The Great Seal of the United States is the official seal of our country. It was approved in 1782 and is used on many of our official documents, most commonly on the back of our $1 bill. You may want to have one of these “George Washington’s” handy as you read this article to more easily follow along.
In the 18th century, all nations had a coat of arms or official seal that symbolized their country and was used to formalize international treaties and transactions. Not to be outdone, the Continental Congress decided we needed one as well, both an obverse (front) and reverse side.
The work to create a Great Seal for the United States began on July 4, 1776, when Congress asked Benjamin Franklin, John Adams, and Thomas Jefferson to design an official seal for our new country. Their effort would prove to be the first of three committees assigned by Congress over the course of six years before the final version was approved. On August 20, 1776, this team of Founders submitted a design that included, among several features, Moses parting the Red Sea, which was not used. However, other elements were used such as the Latin motto “E Pluribus Unum”, “Out of Many, One”, The Eye of Providence in a triangle (the one above the pyramid) signifying God was watching over us, and the year 1776 (MDCCLXXVI) in Roman numerals (at the base of the pyramid).
Congress was not completely satisfied with the design and tabled the project for over three years. On March 25, 1780, Congress formed a new committee and this one included Francis Hopkinson, the man who also created the flag design we still use today.
His proposal included a shield of thirteen red and white stripes and the blue chief (top), a constellation of thirteen stars surrounded by clouds and glory, and the concept of olive branches for peace and arrows for war, although these were held by a maiden and a soldier, not an eagle.
Congress was still not satisfied, so they convened another committee more than two years later, on May 4, 1782. This group included, among others, William Barton, a design specialist. His design introduced an eagle, although not a bald eagle, an unfinished pyramid with thirteen steps indicating that America was not finished growing, and the overall design of the reverse, but not the mottos.
The third time was not a charm for Congress and on June 13, 1782, they gave all three proposals to Charles Thompson, the Secretary of Congress, and asked him to give the design a try. Thompson, a Latin scholar, took select elements as noted above from the three committees and created the obverse (front) design we know today, notably making the eagle a bald eagle and having it clutch thirteen olive branches and thirteen arrows.
Thompson also added the two Latin mottos found on the reverse of our seal, Annuit Coeptis, “He (God) Has Favored Our Undertaking”, over the pyramid, and Novus Ordo Seclorum, “A New Order for the Ages”, found under the pyramid.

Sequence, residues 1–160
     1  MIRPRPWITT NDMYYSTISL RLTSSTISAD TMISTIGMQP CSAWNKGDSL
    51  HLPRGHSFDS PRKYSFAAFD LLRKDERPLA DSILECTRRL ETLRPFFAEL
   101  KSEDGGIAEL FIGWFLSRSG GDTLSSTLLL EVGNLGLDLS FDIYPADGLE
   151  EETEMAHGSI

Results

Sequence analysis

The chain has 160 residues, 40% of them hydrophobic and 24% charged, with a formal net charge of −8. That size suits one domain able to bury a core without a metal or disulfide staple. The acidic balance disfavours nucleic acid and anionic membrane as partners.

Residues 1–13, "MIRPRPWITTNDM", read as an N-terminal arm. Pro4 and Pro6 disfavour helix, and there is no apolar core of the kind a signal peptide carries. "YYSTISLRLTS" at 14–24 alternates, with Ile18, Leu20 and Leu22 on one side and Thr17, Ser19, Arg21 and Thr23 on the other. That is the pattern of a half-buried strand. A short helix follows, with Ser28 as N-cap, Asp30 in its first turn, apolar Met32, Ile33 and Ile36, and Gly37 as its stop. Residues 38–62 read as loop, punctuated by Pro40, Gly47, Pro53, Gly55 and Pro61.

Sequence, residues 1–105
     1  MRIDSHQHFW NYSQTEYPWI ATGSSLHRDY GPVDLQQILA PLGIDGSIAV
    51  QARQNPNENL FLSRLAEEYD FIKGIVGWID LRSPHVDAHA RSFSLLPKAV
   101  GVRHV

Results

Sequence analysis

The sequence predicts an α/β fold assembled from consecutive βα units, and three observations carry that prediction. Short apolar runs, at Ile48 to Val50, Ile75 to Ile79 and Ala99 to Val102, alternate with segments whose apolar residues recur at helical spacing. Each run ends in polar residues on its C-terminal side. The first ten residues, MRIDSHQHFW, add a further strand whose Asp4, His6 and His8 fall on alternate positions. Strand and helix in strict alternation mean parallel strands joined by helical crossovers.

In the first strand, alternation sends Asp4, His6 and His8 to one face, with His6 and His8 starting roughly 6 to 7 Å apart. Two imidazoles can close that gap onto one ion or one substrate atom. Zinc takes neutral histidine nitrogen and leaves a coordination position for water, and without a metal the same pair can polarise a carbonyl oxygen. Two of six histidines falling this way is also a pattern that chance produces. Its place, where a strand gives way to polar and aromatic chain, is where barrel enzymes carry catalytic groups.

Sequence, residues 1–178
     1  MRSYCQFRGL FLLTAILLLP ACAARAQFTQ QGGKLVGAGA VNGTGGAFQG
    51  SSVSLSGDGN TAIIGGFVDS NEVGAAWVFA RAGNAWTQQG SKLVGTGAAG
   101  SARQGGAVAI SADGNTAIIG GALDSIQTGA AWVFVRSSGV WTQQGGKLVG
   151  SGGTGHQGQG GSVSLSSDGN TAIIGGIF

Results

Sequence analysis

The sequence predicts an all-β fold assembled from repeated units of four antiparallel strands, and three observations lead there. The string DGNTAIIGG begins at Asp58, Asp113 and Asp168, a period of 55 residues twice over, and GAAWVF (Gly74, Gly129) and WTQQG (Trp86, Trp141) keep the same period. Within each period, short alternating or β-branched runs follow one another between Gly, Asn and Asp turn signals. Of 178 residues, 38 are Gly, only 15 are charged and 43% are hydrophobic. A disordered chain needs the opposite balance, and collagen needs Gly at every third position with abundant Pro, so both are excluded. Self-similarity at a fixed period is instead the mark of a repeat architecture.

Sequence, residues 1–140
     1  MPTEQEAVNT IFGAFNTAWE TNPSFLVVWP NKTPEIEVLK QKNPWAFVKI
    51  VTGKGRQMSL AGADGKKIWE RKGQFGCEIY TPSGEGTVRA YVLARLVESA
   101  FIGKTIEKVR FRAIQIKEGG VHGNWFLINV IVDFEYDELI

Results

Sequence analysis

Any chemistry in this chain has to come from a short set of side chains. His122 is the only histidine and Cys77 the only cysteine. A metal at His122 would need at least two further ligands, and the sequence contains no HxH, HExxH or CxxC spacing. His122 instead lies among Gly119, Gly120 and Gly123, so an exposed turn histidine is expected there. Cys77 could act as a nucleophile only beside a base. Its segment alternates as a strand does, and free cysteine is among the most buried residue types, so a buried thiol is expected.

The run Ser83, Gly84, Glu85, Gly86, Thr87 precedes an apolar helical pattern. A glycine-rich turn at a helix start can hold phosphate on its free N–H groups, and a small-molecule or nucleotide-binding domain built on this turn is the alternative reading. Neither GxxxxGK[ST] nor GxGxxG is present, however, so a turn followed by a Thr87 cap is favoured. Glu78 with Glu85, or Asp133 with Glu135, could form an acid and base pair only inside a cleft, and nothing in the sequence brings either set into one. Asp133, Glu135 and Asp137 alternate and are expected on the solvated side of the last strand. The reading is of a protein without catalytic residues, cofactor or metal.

He submitted his design to the Continental Congress on June 20, 1782 and it was approved the same day. Finally, on September 15, 1789, after the new Federal government had been formed under the Constitution, the United States Congress also approved the Great Seal as the official seal of our country.
WHY IT MATTERS So why does the Great Seal of America matter to us today?
Our Great Seal, along with our beautiful flag, are the main symbols of our wonderful country to the world. Importantly, we get a glimpse of where our Founders were philosophically when they were creating our nation.
We clearly see their esteem for God and His hand in our nation’s many blessings, as well as a respect for the wisdom of the Ancients, both Egyptians and Romans. Our Founders understood how it important was was to learn from the past. They also recognized that while we wanted peace, we must be prepared for war.
Finally, by creating the Great Seal, one more piece of the puzzle towards our becoming an independent nation state and taking our place on the world stage was completed. For that, we should be thankful.
SUGGESTED READING “Founding Brothers: The Revolutionary Generation”, by Joseph Ellis, won the Pulitzer Prize for History in 2001. It is an excellent account of several of the leaders of early America and highly recommended.
PLACES TO VISIT Did you know that Americans can tour the United States Mint production facilities in both Philadelphia and Denver? These places where our paper money and coins are made are open for public tours during the week. You will find the visit fascinating.
Until next time, may your motto be “Ducit Amor Patriae”, Love of country leads me.
Tom Hand is a West Point alumnus and a Ford Plantation resident. You can reach him at firstname.lastname@example.org.